, and this was the hardest election in our lifetime, the hardest election since nixon in 68 to call. >> i just can't resist saying i put michael in a different category than dick morris, but -- [laughter] that aside, on the supreme court, we don't know what vacancies there will be. we have several justices in their 70s. you know, in this world today, being in your 70s, thank goodness, does not mean that you're approaching the end of your life. we also know that we've had justices with health problems. we know we have justices who smoke too much and may be have other vices that could have an impact, but, you know, tables don't help us very much. there's a good chance that in the next four years, there's one, two, or three vacancies. some depends on when they emerge. if you have a 55-45 democratic senate, and there's a vacancy, barack obama has a little more leeway to pick somebody with a stronger ideological edge than if it's it a 51-49 senate or one that goes the other way. i think your much more likely in any event to get somebody who would be somewhere in the broad center of legal discourse, and there ar
everything else. >> anything quite on tunisia on this score? november 5th we have an election but beyond we are approaching these in which one of the most prominent rituals associated with the new year begins to rear its head and that is inviting experts to make predictions about where we will be at the end of the coming year, not 2012, but 2013. this is often done with respect to where we can anticipate the accuracy rates of these predictions are abysmal. so, we have to be careful about how we will hold our predictors' to the accuracy of their projections. but given everything that we have discussed about where these prophecies are headed about the obstacles that they confront and the possibilities for intervention, about the degree of influence the outside doctors might have if you would have to speculate in an informed way about where you think we will be with the securities sector reform and egypt and tunisia in particular and said libya aside come give me a sense of that. where do you think we will be? >> that is a tremendous question. i feel like i am on a sunday morning talk show. >>
america dialogue discusses the results of the november 6th elections and implications for latin america. panelists discuss the prospects for change with the obama add enrings' policies involving immigration, trade, drug policy, and economic cooperation. this is about an hour and ten minutes. >> this morning, we're going to have a conversation, a discussion, about the elections, november 6th elections in the united states, and what the results mean for u.s. relations and latin america, and the idea really is to have a good exchange and to engage everybody here to talk about what the significance of the outcome might be. we're going to start with the few opening remarks, and then invite, encourage you to share your insights about what the elections might mean. i'm joined this morning by three of my colleagues from the inter-american dialogue, peter hakim, the president emeritus and senior fellow at the dialogue who can talk about anything. [laughter] and will talk about anything. having to do with latin america, mesh towards latin america. also manual orozco who remittances and developmen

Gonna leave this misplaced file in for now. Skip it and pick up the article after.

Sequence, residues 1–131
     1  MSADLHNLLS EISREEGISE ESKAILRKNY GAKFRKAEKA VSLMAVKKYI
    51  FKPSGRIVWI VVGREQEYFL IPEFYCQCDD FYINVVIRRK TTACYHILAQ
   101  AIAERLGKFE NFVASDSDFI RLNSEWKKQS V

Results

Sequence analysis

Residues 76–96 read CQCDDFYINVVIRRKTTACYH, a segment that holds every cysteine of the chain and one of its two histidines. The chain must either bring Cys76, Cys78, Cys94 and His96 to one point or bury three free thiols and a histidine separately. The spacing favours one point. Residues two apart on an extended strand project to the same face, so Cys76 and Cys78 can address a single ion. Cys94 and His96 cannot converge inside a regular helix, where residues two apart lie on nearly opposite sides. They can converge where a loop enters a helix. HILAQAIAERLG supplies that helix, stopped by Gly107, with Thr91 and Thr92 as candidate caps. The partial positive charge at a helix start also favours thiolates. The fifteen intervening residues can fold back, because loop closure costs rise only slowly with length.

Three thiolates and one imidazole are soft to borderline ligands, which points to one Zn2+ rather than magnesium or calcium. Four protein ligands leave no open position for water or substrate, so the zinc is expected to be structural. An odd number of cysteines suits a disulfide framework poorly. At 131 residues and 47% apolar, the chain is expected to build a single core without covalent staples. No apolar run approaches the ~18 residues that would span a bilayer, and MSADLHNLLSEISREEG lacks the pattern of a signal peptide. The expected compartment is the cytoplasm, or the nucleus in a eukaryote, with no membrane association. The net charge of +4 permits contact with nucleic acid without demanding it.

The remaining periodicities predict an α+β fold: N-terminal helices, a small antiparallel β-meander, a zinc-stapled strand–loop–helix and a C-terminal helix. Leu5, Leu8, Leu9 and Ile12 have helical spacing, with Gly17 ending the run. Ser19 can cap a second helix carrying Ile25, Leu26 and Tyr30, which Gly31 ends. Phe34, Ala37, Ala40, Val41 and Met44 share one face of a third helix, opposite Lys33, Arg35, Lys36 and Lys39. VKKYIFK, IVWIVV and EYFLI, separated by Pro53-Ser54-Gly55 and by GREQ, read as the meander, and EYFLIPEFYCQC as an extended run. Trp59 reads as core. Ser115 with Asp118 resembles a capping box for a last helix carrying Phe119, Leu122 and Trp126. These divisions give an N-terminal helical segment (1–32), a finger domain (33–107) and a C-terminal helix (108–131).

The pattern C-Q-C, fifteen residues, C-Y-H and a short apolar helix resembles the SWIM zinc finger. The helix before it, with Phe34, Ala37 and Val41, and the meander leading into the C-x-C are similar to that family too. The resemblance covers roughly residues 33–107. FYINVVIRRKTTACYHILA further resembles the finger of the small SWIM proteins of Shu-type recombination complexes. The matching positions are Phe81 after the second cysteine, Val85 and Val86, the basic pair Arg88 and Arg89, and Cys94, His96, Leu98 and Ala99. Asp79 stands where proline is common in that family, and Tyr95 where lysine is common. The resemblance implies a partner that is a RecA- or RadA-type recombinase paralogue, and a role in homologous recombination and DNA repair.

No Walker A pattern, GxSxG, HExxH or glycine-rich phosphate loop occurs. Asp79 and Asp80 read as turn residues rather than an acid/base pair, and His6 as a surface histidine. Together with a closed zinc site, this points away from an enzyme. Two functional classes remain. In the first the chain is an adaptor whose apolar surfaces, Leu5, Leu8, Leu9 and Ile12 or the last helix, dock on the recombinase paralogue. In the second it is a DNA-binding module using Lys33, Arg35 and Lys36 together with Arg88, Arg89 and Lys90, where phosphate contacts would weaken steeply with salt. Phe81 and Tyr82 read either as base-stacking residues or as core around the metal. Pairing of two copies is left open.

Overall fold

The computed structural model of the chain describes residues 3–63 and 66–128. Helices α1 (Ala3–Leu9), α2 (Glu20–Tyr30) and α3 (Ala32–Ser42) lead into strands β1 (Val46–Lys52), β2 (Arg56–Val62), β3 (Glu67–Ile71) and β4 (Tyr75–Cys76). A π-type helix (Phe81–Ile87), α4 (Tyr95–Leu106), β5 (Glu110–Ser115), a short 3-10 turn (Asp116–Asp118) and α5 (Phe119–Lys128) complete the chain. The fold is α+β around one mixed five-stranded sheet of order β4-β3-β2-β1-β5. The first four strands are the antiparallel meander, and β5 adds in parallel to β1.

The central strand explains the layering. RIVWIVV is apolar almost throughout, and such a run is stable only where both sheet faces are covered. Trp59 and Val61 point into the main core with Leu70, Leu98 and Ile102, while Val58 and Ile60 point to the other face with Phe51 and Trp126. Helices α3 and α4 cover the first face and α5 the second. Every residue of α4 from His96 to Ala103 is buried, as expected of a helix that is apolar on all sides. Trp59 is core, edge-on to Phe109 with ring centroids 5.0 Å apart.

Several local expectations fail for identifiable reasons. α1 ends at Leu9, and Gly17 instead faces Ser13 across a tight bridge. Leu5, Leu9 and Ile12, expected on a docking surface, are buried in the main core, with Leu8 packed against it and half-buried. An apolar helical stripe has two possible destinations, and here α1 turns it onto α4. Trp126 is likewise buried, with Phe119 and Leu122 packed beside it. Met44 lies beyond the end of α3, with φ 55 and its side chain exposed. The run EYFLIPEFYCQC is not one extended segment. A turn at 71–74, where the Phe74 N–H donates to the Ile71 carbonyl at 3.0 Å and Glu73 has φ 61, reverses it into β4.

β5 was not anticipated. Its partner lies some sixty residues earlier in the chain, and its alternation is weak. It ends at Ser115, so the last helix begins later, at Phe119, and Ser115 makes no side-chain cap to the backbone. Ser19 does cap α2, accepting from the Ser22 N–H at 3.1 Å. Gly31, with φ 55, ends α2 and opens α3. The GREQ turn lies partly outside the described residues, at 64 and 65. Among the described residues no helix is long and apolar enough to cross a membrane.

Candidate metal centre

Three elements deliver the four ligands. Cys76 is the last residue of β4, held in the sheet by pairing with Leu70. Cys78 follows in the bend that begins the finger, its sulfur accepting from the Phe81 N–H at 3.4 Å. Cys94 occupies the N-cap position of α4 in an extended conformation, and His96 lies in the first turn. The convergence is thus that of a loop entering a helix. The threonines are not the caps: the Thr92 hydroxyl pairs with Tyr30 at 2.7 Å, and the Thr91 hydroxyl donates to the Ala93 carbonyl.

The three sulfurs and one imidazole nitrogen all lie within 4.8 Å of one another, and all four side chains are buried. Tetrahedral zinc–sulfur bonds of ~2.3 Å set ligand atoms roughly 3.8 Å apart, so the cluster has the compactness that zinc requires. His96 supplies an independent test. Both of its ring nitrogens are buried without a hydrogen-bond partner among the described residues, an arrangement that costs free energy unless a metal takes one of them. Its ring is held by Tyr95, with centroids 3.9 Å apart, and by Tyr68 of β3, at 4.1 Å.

the election. if he doesn't leave them that way -- the republicans will never do what needs to be done on taxes, and we will be back to falling over the top and. >> i'm not saying he shouldn't take any risk, i'm just saying that he can't get too far off to the right, or he's going to lose votes on the left. >> but he is the president. leadership begins in washington with the president. he needs to take some risks. if he doesn't agitate his base, and quite frankly, it baynard is not agitate his base, they are not going to get a deal that will make a difference in the future economy of this country. we are in a mess. he is in a position like a lot of previous presidents. he's got to be thinking, am i going to leave a disastrous legacy in the hands of our grandchildren? or am i going to step up and lead? i used to get criticized because i was a deal maker. i talked to people like joe lieberman, we would find a way to get things done. you have to give a little to get a little. doesn't wind up getting you in trouble? oh, yes. but after all, that is what this is all about. the president has said hims
and railroads were the key to economic growth as an dutch election came along, and you have to move heavy things like steel. as the 20 century came along, it was highways, interstate highway program for example, and airports that were crucial to economic growth. now is the information superhighway. and what does the industries they? don't call it the. >> david cay johnston on the many ways corporations try to rob you blind and saturday night at 10 eastern, and sunday night at nine on afterwords this weekend on c-span2's booktv. >> now a discussion on the congressional agenda during the upcoming lame-duck session. this panel of former members of congress was at a "national journal" forum on the results of the election. this is about 45 minutes. >> so i will launch right into there's been a huge amount of discussion last night and this morning about mandates, who has mandates, who doesn't have a mandate. but when it comes to the fiscal cliff, more important question really is who has leverage. and i'm wondering, the democrats are convinced that they have leverage because they are willing to jump o